Dinka cupping horn

Dinka cupping horn
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Accession Number:
[Southern Sudan] Northern Bahr el Ghazal ?Dhangrial ?Wun Rog ?Mayen
Cultural Group:
Dinka Tuich
Date Made:
By 1979
Animal Horn
Carved , Polished
L = 134 mm, L rim = 37.5 mm, W rim = 35 mm, base diam 9.2 by 8.8, diam base hole = 6 mm, th walls = 1 mm
15.2 g
Local Name:
tung tiak
Other Owners:
Purchased by Patti Langton for 50 piastres on 25th February 1979 as part of the British Institute in Eastern Africa's Expedition to the Southern Sudan [RTS 14/5/2004].
Field Collector:
Patti Langton
PRM Source:
Patti Langton
Purchased 1979
Collected Date:
25 February 1979
Cupping tool made from a small translucent light greenish brown animal's horn (Pantone 465C). This has been cut flat at top and base, with the body curving to follow the natural shape of the horn. The interior has been removed, leaving fine walls around 1 mm thick, and allowing the object to act as a funnel. The outer surface has been polished. The object is complete and intact, and has a weight of 15.2 grams. It measures 134 mm along its greatest length; the rim is 37.5 mm long and 35 mm wide, while the base is 9.2 mm long by 8.8 mm wide, and has an opening 6 mm in diameter.

Purchased by Patti Langton for 50 piastres on 25th February 1979 as part of the British Institute in Eastern Africa's Expedition to the Southern Sudan, at either Dhangrial, Wun Rog or Mayen. At the time this object was collected, the Bahr el Ghazal province was bordered by the Upper Nile Province to the east and Western Equatoria to the south; this area is now divided into the districts of Western Bahr el Ghazal, Northern Bahr el Ghazal, and parts of Warab and El Buheyrat. Dhangrial, Wun Rog and Mayen lie within Northern Bahr el Ghazal. For a map showing the distribution of Dinka Tuich groups, see J. Ryle, 1982,
Warriors of the White Nile: The Dinka , p. 25.

The local term for this type of object is said to be
tung tiak. Nebel defines the term Tung, plural tuong, as ‘horn, small ivory bracelet’, and the medical term for cupping someone as ‘ joc tung or ngop tung' (Nebel 1979, Dinka-English Dictionary, p. 85 and p. 125).

Domville Fife describes how the Agar Dinkas would use this type of object: "Wounds and boils are made to suppurate by suction at the end of a curved, hollow horn which is placed over them" (C.W. Domville Fife, 1927,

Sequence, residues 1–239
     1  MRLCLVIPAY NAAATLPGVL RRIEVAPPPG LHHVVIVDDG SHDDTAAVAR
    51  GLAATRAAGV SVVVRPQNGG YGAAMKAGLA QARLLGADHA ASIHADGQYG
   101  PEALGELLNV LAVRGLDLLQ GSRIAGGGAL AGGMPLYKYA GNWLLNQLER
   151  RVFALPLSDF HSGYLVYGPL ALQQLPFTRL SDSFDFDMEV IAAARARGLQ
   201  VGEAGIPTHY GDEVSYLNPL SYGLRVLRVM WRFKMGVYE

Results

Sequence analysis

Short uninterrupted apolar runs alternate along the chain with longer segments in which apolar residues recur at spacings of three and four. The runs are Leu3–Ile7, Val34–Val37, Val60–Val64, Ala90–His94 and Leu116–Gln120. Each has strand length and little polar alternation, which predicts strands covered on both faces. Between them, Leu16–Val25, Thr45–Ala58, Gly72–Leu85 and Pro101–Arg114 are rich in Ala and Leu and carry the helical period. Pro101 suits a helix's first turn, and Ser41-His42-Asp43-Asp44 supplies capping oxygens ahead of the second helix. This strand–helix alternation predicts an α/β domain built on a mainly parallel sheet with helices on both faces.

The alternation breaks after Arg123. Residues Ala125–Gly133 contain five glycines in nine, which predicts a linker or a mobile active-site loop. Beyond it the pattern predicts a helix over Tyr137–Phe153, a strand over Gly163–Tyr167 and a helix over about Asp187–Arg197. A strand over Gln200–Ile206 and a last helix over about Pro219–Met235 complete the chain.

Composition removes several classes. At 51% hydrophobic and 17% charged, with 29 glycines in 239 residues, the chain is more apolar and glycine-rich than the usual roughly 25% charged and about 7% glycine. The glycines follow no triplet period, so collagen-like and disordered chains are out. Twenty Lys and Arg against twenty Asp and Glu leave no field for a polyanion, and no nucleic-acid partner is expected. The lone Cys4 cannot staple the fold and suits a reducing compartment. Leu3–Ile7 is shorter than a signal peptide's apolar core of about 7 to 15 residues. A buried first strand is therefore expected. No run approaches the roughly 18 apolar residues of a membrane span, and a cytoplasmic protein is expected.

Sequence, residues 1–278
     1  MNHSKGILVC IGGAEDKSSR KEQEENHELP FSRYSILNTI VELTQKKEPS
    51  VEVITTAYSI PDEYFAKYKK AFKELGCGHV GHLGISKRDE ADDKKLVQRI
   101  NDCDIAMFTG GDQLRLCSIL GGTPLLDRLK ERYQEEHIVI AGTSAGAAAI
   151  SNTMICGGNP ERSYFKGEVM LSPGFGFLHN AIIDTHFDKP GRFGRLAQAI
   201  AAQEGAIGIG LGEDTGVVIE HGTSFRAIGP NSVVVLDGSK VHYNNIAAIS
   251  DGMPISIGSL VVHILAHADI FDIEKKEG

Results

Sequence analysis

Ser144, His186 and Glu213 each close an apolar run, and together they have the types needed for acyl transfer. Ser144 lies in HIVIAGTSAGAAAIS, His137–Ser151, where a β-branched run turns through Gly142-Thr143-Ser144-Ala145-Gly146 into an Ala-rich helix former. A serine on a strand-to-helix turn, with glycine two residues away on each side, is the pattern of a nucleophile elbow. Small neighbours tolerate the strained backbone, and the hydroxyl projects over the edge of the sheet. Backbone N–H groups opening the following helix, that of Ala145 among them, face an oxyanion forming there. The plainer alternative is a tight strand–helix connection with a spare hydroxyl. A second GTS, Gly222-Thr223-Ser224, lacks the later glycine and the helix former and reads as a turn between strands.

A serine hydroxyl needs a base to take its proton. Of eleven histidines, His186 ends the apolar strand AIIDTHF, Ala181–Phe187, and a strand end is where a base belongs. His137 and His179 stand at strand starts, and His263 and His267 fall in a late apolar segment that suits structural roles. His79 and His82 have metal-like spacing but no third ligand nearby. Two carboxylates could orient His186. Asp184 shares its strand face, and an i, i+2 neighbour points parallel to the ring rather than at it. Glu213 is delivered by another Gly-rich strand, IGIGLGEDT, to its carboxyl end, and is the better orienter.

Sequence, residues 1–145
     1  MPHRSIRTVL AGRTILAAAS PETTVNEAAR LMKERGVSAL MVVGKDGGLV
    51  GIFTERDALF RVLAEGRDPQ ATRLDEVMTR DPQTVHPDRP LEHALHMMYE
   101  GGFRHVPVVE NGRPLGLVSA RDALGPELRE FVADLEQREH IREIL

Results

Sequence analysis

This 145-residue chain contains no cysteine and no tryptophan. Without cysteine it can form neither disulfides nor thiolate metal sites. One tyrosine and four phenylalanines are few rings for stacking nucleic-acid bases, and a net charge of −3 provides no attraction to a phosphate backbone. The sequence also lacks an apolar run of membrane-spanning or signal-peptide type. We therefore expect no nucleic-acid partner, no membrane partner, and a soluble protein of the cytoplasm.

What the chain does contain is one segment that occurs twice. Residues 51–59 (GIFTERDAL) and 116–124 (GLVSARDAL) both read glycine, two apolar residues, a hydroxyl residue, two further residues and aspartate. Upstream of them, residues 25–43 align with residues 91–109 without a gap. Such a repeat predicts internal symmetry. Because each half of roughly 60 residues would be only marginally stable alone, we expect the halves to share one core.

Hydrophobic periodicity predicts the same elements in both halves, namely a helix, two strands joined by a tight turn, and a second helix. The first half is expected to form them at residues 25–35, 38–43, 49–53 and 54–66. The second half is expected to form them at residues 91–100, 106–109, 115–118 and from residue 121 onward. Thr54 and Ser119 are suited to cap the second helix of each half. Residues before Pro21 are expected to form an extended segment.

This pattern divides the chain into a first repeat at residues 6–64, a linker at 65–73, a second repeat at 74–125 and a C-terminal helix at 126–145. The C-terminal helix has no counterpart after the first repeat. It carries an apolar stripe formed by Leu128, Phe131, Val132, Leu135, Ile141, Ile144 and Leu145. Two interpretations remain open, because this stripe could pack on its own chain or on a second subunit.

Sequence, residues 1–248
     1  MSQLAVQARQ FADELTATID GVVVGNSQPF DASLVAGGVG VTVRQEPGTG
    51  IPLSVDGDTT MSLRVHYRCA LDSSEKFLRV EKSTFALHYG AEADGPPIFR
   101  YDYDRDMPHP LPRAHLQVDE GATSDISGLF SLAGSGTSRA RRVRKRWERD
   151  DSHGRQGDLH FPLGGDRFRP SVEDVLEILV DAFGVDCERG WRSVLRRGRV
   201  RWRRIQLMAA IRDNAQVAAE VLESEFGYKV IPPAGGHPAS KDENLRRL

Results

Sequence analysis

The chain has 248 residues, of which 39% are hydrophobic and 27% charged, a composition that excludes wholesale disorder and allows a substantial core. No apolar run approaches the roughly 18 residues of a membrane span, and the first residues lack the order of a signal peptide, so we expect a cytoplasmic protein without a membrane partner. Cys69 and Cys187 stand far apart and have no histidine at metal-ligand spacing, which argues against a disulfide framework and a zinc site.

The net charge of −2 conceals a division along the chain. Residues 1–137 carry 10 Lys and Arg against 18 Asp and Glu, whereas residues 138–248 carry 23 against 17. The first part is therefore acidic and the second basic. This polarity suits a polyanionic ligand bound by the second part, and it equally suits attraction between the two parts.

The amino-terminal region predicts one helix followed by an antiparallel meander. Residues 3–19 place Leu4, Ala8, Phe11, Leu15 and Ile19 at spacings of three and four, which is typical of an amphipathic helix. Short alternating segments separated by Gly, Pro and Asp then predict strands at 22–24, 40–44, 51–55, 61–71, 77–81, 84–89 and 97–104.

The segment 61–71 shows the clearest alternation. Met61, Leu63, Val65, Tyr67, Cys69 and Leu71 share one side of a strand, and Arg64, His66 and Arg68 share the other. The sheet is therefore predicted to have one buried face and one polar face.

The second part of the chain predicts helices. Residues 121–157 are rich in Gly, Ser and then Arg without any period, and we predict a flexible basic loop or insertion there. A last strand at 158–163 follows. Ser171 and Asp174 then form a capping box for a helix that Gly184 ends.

Savage Life in the Black Sudan, p. 136). A similar device was used by Zande doctors, who suck through the mouth of the horn, using their tongue as a valve (R. Gayer-Anderson, 1911, Some Tribal Customs in their Relation to Medicine & Morals of the Nyam-Nyam and Gour Peoples Inhabiting The Bahr-el-Ghazal, Wellcome Tropical Research Laboratories, Khartoum, rep. no. 4, vol. B, p. 250 and fig. 70).

Rachael Sparks 16/8/2005.

Primary Documentation:
Accession Book Entry [p. 185] - 1979.20 (.1 - 206) P[urchase] MISS PATTI LANGTON, DEPT. of ETHNOLOGY & PREHISTORY, OXFORD. Collection made by Patti Langton during the British Institute in East Africa's expedition to the Southern Sudan; Jan. - April 1979. The collection was made in three culture areas during the dry season. The amount paid for each object is listed if the information is known. In Jan. 1979 £1 is equivalent to 95 piastres (pt.) Sudanese. This documentation is based largely upon Patti's own list of objects and her notes on these. Sometimes objects included in the Pitt Rivers alottment of the collection do not appear on her list and have been added here. See Related Documents file as well. [p. 191] 1979.20.43-135 SOUTHERN SUDAN the DINKA TUICH. The Dinka Tuich, a pastoral people, live to the north of Wau, in Bahr el Ghazal province. This collection was made mostly at Dhangrial, the archaeological site at which we camped. Other artifacts were collected either at Wun Rog, a small town about a mile south of Dhangrial, or at Mayen, the new administrative centre 12 miles north. This was a remote area, difficult of access and rarely visited by outsiders. The Dinka are very aware of the potential of money, which is used either to help family members acquire education or entry into commerce and administration in Juba or Khartoum. Once it was known we (the collectors) were offering money, the Dinka in surrounding compounds came daily, increasing prices as often as they could! [p. 200] 1979.20.105 Cupping horn, tung tiak . Inside opening L = 12.5 cm. Coll. 25.2.79; 50 pt. Coll. no. 267.
Additional Accession Book Entry [below accession number in red biro] - A5-F34-7.

Card Catalogue Entry - There is no further information on the catalogue card [RTS 6/4/2004].

Related Documents File - 1979.20 contains a typed packing list, which has been annotated; a typed list of objects arranged by Langton collection numbers and with pencil and biro annotations, and a handwritten list of objects by museum number, essentially repeating this information and annotated with PRM photo numbers in red. This handwritten list seems to be the direct source for the accession book entry [RTS 12/1/2004].

Pitt Rivers Museum label - S.SUDAN DINKA TUICH Cupping horn, , tung tiak . Pat Langton coll., no. 267. 1979.20.105 [plastic label with metal eyelet, stored in RDF; RTS 19/5/2005].

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